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Republicans, cut the outrage. It’s time to disown Trump.

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Republicans, cut the outrage. It’s time to disown Trump.


President Trump on Aug. 15 said that “there’s blame on both sides” for the violence that erupted in Charlottesville on Aug. 12. (Bastien Inzaurralde/The Washington Post)
The party of Lincoln is now the party of Robert E. Lee, Jefferson Davis and Southern slave owners who decided to kill fellow Americans so that they could keep men, women and children enslaved. The Republican Party, in other words, has obliterated its entire historical legacy and become the party of the Enemies of Lincoln.

And let’s be clear: Republicans cannot say, “That’s not us — that’s just President Trump.” They supported him, they elected him, they defended him and they gave him the aura of a normal presidency. They cannot be the party of Lincoln and be the party of Trump. In that vein, we can dispense with Republicans’ “outrage,” “frustration,” “anger” and all other meaningless expressions of internal sentiment. Unless and until they are prepared to do something — not just send tweets — to politically disown Trump, the party is toast and none of its members should be elected or reelected.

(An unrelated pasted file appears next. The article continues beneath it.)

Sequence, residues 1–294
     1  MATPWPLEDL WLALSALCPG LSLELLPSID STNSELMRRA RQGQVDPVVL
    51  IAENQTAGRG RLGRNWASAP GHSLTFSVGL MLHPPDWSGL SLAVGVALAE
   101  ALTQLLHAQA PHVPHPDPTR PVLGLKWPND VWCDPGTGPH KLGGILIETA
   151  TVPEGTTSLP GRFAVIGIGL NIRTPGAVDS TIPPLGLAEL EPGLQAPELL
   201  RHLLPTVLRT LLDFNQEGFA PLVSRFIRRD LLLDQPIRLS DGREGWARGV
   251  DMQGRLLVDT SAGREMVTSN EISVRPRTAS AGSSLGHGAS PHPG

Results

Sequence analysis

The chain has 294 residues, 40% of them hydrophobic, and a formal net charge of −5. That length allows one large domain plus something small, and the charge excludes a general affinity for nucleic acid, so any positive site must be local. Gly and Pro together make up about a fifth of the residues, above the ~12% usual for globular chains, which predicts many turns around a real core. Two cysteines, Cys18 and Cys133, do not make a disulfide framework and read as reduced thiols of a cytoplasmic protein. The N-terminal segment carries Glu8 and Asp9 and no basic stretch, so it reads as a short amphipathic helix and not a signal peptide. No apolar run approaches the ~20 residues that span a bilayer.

How would they do this? First, elected officials must deny Trump the audience he so desperately craves. They need not appear with him, nor invite him to the Hill. (The State of the Union can be delivered from the White House or in writing; he would besmirch the House by appearing there.) Lawmakers and state officials should not troop to the White House for photo ops. They can communicate with the White House by phone or through aides. In short, Trump must be shunned and ostracized. He is not fit for polite company, let alone the presidency. He has demolished the rules of civilized behavior, and therefore should enjoy none of the ceremonial niceties that are extended to normal presidents.

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